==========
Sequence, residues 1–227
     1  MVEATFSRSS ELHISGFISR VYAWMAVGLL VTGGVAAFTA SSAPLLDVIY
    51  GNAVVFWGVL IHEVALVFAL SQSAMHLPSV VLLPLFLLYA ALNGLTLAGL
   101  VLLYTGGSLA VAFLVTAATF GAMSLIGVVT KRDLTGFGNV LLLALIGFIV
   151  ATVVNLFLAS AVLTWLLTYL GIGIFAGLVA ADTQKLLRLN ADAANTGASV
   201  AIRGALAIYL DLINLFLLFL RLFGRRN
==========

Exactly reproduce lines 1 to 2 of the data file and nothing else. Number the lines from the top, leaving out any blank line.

Sequence, residues 1–227
     1  MVEATFSRSS ELHISGFISR VYAWMAVGLL VTGGVAAFTA SSAPLLDVIY